Produced by Lorenzo di Bonaventura,
Tom DeSanto, Don Murphy,
Michael Bay, Mark Vahradian
Written by Christina Hodson
Based on Transformers by Hasbro
Directed by Travis Knight
Starring Hailee Steinfeld, John Cena,
Jorge Lendeborg Jr., John Ortiz,
Jason Drucker, Pamela Adlon
Bumblebee is the best live action Transformers film made to date.
This is not a huge achievement, especially coming after Transformers: Last Knight, which was ridiculous at best, and at worst, a goddamn trainwreck.
Set in the year 1987, a year after the original animated Transformers movie premiered, the filmmakers fill the screen with Sony Walkmans, cathode ray tube televisions, wood paneled decor and acid washed jeans like they read it in a book. They also cram a plethora of new wave, punk, heavy metal and alt college rock music like a who’s who of the MTV generation retrospective. References to the Russians and the Cold War along with walkie-talkies and Ford Broncos are everywhere.
They try so hard that the details stops being a part of the film and instead the vast ephemera becomes a distraction.
The first 10-15 minutes takes place on Cybertron, the Transformers’ home world, and we are thrust into the middle of a raging battle much like we have wanted for over a decade of these films coming out. We see classic iterations of Optimus, Soundwave, Shockwave, Ravage; Autobots and Decepticons all beating the living crap out of each other like a modern day computer animated rendition of the afore mentioned classic Animated Movie. It is amazing and I really wish they would just give us a movie with no people and just Transformers doing their thing.
From there we see Bumblebee receive his mission from Prime to find a suitable base and rallying point for the Autobot resistance. So off to Earth he goes. There, he immediately runs into a military troop on a training op. as well as a Decepticon scout. In their ensuing fight the Deception and Bumblebee obliterate most of the soldiers. All except John Cena’s character, Agent Burns, who’s loss of men causes him some deep seated hatred of all Transformers.
Badly damaged from the fight Bee goes into shutdown mode, but not before scanning a 1976 Volkwagon Super Beetle.
Flash forward to an undetermined amount of time and we are introduced to Charlie, played by Academy Award nominee Hailee Steinfeld, an angsty disenfranchised teen. It’s her birthday and she wants a car. We establish she is an amalgamation of every 80’s movie teen trope. Through a kismet of events she acquires Bumblebee and they start a very Iron Giant relationship.
It as if the writer, Christina Hodson saw The Iron Giant, and thought “What if it was a girl and what if we throw in a smattering of E.T. and Lilo and Stich?”
What happens is you get, Bumblebee.
The character of Bumblebee is the one exception to the whole. Here we see Knight and writer Hodson shine. Through the amazing animation provided by ILM they have very much created a fully realized character in Bee. He was definitely the most sympathetic and fully fleshed out character in the whole film. Both subtle at times and ostentatious at others.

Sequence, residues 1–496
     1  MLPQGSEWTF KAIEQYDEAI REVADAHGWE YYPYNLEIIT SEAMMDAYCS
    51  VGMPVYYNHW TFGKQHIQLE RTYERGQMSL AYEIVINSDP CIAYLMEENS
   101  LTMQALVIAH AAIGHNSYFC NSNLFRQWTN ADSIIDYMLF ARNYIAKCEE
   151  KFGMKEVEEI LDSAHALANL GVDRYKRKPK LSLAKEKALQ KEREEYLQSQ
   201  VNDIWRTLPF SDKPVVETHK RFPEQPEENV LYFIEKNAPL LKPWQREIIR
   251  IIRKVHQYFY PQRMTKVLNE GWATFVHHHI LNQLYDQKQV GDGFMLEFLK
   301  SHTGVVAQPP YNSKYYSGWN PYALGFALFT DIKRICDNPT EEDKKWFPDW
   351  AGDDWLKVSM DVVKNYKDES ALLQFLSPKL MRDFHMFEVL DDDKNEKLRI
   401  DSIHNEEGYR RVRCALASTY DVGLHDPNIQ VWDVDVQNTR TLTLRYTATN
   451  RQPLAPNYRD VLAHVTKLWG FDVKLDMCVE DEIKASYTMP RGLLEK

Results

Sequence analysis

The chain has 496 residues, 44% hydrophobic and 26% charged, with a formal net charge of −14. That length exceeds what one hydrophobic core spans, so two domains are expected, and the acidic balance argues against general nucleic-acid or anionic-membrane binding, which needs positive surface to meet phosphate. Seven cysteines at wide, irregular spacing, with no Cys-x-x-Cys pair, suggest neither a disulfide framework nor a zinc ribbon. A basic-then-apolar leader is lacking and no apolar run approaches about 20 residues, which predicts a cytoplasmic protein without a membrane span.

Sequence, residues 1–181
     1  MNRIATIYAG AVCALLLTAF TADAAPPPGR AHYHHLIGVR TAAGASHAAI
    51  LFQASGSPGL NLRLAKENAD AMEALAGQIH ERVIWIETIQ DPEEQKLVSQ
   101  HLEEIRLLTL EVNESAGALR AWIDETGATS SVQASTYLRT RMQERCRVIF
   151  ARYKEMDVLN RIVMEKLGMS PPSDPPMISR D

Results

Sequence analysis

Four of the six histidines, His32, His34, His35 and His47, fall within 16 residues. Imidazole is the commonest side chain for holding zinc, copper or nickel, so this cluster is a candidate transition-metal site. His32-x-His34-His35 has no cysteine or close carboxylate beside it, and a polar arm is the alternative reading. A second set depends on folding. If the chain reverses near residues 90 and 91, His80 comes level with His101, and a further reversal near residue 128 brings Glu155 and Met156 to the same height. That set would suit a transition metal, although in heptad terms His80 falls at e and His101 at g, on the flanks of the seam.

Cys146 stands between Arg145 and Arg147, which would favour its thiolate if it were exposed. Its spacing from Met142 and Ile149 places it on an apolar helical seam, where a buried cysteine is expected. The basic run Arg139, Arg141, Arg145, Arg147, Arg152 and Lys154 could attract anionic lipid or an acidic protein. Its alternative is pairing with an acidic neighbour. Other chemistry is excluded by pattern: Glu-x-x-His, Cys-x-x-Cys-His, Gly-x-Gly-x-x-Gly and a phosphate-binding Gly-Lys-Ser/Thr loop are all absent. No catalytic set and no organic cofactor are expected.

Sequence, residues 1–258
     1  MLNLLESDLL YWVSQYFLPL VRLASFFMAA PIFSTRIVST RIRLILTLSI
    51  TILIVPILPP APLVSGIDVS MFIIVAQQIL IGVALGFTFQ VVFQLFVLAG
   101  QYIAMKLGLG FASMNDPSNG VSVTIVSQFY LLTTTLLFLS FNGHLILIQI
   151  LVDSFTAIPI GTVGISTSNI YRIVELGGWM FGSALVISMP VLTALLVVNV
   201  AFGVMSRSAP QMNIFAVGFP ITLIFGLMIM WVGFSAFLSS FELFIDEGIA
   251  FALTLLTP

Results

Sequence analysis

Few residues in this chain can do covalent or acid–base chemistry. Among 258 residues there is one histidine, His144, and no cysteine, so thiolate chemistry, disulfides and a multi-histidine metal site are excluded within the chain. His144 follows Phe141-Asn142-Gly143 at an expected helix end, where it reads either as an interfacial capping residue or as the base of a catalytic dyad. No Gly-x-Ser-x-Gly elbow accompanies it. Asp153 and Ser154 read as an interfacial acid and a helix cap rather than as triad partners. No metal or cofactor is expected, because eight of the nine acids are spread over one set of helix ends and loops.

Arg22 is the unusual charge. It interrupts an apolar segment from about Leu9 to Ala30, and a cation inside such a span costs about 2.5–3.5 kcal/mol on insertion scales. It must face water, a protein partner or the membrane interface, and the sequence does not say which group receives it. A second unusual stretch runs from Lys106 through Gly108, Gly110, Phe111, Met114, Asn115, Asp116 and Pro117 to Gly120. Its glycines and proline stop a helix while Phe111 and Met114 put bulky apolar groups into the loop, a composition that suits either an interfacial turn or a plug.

Much like the Iron Giant, I truly felt bad for him. All his pain and wonder are beautifully animated through his eyes and expressions without beating the horse completely dead like other aspects of the film. It is the little spark of what I imagine is Knights gifts as a film maker shining through all the dreck and mayhem. I just wish there was more of this and less heavy handed faux emotions we get with the other characters.
After seeing all the classic Transformers on Cybertron it is a little disappointing to get two Michael Bay-esque ones as the primary antagonists in the form of Triple Changers, Dropkick and Shatter (voiced by Justin Theroux and Angela Bassett, respectively).
I am sure Hasbro, the owners of the Transformers IP, wanted new and exciting toys to sell the children and that is why the filmmakers didn’t use Starscream along with his lieutenants, Skywarp and Thundercracker, or even Soundwave, and Ravage, Laserbeak, and Rumble as the main baddies but really these two generic looking robots are only cool because they transform into jets, cars, and helicopters other than that they are completely forgettable.
Director, Travis Knight, who’s first directorial effort, Kubo and the Two Strings was a masterpiece of story, editing, cinematography and concept goes in to his sophomore effort with a pretty big handicap no matter what movie he made. Here he does his best with an okay script that tends to pander and beat you over the head and spoon feeds the audience every single “important” plot point. What it says to me is that the very powerful and influential hands of his masters, Bay and Spielberg, only wish to create an entertaining and easy to digest movie that fulfills the expectations of the audience and takes no chances.
It must have been strange and hard for, Knight, the President and CEO of Laika Films, who has been responsible for overseeing such great films as Boxtrolls, Paranorman, Coraline, and the previously mentioned Kubo. These films were full of heart and soul and whose stories are exceptionally well told using traditional stop motion animation.
Here, I feel that he was hamstrung and because he was working on such a huge budget film he was not able to take chances or give us his very best and as such, Bumblebee is one hundred and fifty percent adequate as fun popcorn action films goes. It is however a Michael Bay and Steven Spielberg produced schlock fest of explosions, mayhem and mediocre storytelling with just a glimmer of the heart we are so used to seeing in other films he has directed and produced.
Bumblebee is, at least, somewhat charming, relatively sweet, full of action with enough nostalgia and classic Transformers to make most fans enjoy it.